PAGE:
3.2.- How to find them: Not as Easy as You Might Think
Wolf-Rayets---bias towards WCs
RSGs---telling foreground dwarfs from RSGs
LBVs---the "tip of the iceberg" effect
4. Secrets of Star Formation as Revealed by Luminous Stars
4.1.- UBV Photometry + Classification ---> HRDs
4.2.- Initial Mass Functions and Upper Mass Limits in the
Field and Associations of the Milky Way and Magellanic Clouds (MC)
4.3.- What's Next: Extention to Galaxies beyond the MCs
5. Secrets of Stellar Evolution Revealed by Luminous Stars
5.1.- Global Properties: RSG/BSG Ratios, O/WR Ratios, WC/WN Ratios
5.2.- Individual OB Associations: coeveal tests of stellar evolution.

"QUANTITATIVE SPECTROSCOPY OF THE MOST LUMINOUS BLUE  STARS IN GALAXIES"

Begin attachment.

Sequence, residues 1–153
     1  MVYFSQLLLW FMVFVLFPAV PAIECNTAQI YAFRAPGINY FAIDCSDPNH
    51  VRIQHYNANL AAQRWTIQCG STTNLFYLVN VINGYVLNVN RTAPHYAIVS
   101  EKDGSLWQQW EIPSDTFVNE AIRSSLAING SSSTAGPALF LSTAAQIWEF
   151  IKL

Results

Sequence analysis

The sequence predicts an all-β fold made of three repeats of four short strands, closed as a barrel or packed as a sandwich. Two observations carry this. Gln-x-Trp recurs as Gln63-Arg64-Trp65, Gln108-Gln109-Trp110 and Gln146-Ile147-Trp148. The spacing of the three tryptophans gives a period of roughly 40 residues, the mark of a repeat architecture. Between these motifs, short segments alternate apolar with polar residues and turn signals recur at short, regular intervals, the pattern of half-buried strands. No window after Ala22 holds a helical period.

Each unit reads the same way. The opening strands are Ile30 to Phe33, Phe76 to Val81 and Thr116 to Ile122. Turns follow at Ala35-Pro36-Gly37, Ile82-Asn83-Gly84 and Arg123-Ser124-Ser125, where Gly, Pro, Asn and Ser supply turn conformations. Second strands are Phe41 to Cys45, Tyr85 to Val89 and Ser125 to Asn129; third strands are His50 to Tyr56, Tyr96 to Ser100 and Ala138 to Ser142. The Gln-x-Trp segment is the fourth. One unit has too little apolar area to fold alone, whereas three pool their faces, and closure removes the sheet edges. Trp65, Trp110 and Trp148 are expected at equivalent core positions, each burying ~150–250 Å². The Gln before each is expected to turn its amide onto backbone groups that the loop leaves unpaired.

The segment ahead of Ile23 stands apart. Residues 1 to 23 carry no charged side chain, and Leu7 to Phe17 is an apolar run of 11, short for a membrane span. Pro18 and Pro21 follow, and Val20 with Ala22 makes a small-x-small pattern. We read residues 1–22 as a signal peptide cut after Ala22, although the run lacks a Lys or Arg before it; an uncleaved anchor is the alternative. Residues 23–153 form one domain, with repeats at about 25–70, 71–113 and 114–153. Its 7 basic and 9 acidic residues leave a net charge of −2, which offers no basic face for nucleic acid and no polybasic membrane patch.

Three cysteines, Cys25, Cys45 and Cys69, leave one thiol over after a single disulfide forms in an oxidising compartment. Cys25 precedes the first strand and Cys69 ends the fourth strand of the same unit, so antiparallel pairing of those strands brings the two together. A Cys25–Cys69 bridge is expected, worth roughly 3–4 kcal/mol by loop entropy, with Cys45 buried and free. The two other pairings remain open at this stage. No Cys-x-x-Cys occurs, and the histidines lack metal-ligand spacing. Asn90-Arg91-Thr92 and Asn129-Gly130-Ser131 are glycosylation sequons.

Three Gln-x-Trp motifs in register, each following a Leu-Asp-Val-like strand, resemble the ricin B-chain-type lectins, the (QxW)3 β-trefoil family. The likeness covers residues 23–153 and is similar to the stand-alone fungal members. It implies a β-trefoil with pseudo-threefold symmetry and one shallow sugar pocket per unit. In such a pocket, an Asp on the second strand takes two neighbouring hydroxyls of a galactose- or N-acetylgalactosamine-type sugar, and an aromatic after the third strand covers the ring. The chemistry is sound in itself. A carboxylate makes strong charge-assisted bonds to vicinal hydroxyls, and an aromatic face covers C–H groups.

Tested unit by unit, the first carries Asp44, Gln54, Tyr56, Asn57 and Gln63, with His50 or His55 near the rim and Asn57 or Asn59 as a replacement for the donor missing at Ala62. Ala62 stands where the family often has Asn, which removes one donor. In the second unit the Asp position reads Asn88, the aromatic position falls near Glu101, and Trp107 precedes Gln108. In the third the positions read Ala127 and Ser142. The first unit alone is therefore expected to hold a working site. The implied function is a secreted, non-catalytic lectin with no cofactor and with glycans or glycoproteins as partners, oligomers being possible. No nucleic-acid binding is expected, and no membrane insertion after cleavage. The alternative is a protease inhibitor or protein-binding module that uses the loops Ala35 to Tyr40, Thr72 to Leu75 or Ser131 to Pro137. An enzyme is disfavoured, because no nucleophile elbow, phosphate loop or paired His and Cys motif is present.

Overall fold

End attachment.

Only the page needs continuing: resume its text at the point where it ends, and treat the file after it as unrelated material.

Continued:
Prof. Dr. Rolf Kudritzki
Universität-Sternwarte München

1. The physics of hot star atmospheres
1.1.- Stellar winds and hydrodynamic atmosphere models
1.2.- NLTE-effects and spectrum synthesis
1.3.- Ionizing fluxes
1.4.- X-ray emission
1.5.- IR-excess 
2. Spectral diagnostics of luminous blue supergiants
2.1.- Effective temperatures and gravities
2.2.- Stellar wind properties
2.3.- Masses, radii and luminosities
2.4.- Abundances
3. The stellar cluster in the Galactic Center
3.1.- IR-spectroscopy and the HeI emission line stars
3.2.- Hydrodynamic model atmospheres and IR line emission
3.3.- The physical properties of the young cluster of massive stars in the Galactic Center
4. Radiation driven winds and the wind momentume-luminosity relation as a tool for extragalactic distances
4.1.- Wind momentum and stellar luminosity: theory
4.2.- The observed wind momentum luminosity relation of galactic supergiants
5. O,B,A-supergiants in Local Group galaxies
5.1.- The most massive stars in the Galaxy and the Magellanic Clouds
5.2.- Element abundances from HST and optical spectroscopy
5.3.- Supergiants in M31 and M33
5.4.- Wind momentum in Local Group galaxies
6. The step beyond the Local Group